“The exception is---or are---Life insurance companies. I suppose their trade makes them particularly suspicious and cynical, but the fact remains that before they will cough up, they require to see not only the probate of the will, but also the death certificate. And that, of course, was the one bit of paper Phillips couldn’t produce. So when he set to work to get in his wife’s modest estate, he had to forgo the very useful little sum of five hundred pounds for which she was insured. That explains a small matter that has been puzzling me ever since I made some amateurish investigations of my own into the affaire Phillips. Without going quite so far as Mrs. Hopkinson---by the way, I think we all owe her a handsome apology---I did feel a bit dubious about Phillips, and when the lady whom he proposed making his second wife started asking me questions about life insurance I became thoroughly alarmed. I made inquiries, and back came the answer. Mrs. Phillips had been insured all right, but the policy had been allowed to lapse for non-payment of the premiums. That satisfied me at the time, but thinking it over afterwards I was rather mystified. For a man so insurance minded as he obviously was, it seemed a bit out of character. Now we know the reason. Nobody is going to go on paying premiums on a policy which he can never collect.”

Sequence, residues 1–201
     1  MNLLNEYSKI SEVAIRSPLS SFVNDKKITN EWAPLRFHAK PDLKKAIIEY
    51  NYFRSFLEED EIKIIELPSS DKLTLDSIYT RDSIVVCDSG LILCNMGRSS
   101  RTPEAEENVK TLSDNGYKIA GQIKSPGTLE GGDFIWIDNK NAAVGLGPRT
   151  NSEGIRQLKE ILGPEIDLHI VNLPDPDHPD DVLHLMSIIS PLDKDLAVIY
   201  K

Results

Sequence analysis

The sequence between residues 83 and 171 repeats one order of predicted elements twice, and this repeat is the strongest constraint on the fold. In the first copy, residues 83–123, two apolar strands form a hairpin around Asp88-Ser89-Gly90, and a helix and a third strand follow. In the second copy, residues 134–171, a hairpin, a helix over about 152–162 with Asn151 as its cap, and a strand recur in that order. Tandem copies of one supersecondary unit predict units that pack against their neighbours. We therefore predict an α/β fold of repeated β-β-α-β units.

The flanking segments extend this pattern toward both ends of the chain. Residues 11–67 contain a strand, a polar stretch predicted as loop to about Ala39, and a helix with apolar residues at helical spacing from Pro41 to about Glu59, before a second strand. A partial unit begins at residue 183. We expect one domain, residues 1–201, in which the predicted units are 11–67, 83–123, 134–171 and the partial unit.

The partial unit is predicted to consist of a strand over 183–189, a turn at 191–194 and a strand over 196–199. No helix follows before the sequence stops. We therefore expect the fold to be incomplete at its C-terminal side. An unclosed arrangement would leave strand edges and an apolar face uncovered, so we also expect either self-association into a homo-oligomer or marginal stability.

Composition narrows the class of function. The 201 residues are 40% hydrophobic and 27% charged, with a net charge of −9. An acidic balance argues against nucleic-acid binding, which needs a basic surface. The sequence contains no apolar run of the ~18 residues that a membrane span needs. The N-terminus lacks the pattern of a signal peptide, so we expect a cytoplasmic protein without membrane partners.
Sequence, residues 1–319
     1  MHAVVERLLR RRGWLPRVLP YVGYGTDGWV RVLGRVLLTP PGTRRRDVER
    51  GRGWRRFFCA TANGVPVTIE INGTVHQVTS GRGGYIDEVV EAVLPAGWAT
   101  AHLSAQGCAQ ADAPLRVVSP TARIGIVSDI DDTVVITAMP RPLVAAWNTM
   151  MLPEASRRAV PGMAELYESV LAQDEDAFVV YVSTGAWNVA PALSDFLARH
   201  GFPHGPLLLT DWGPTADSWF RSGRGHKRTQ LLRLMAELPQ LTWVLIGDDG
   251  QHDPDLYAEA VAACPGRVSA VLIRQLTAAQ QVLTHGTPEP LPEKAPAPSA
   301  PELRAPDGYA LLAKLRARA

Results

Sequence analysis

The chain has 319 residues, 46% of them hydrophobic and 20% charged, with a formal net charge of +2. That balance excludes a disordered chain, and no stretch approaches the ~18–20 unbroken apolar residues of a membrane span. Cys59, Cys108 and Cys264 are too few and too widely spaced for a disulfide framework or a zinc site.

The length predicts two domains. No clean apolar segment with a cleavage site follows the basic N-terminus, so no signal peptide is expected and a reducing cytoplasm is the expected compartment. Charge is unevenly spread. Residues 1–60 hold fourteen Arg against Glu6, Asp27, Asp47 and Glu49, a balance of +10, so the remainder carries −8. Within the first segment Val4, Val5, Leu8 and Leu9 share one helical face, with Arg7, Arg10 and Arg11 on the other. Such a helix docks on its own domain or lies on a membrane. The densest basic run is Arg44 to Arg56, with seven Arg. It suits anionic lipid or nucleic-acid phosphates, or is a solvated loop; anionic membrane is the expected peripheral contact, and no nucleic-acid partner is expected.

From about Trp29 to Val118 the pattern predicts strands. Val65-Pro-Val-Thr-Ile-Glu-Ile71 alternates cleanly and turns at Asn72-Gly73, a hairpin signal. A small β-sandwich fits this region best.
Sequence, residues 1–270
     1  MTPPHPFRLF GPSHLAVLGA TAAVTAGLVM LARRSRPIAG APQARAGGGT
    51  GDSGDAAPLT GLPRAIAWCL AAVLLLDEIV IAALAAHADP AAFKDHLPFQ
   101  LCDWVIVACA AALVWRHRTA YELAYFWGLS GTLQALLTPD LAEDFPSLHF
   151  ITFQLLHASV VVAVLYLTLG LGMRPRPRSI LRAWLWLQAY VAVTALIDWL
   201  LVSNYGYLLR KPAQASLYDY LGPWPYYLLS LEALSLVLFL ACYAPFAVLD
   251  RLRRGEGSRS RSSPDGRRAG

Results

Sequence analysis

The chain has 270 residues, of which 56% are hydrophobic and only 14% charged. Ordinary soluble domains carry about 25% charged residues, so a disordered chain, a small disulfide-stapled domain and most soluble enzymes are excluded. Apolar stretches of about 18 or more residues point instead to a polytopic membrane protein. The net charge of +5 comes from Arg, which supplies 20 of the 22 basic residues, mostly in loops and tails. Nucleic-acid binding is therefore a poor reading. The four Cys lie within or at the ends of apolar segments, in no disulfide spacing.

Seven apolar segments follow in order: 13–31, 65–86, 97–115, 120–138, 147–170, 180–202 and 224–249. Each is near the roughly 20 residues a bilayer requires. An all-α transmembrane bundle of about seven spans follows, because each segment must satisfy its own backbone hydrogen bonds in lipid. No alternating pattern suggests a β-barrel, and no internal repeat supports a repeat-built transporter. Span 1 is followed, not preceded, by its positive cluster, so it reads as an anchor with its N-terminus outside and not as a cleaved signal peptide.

Inspector Jellaby blew out his cheeks in a prolonged sigh.

“Well, I’ve certainly learned something,” he said. “Now let’s see how this all works out.”

“It works like clock-work,” said Mallett. “This is how it goes. Phillips is married to a lady with a bit of money of her own---not much, but perhaps a hundred or a hundred and fifty a year. She makes a will in his favour. Later, she goes off her head and is sent to Chalkwood.”

“As a voluntary patient,” put in Pettigrew. “She wasn’t certified, or the Board of Control would have got hold of her affairs and this jiggery-pokery could never have happened.”

“Quite so. She goes to Chalkwood, a private institution, supported by charity, where the fees are kept low for those who can’t afford much.” He turned to Pettigrew. “What exactly happens to her money while she is there, sir?” he asked.

“I can answer that one. There’s a department at the Law Courts which looks after these things. Phillips would apply there and get himself made receiver of his wife’s income. Otherwise he couldn’t get at it at all. He would have to send in an audited account every year to prove that he was using it for her upkeep---which must have been galling to a man of his type---and of course he couldn’t touch the capital while she was alive.”

“While she was alive. Quite so. Well, in September 1931, like a good many other people just then, Phillips finds himself hard pressed for cash. He finds that he could make very good use of his wife’s capital, so he carries out this scheme of making believe that she is dead.”

“Would the department you mention be satisfied with the production of the Probate Act, Mr. Pettigrew?”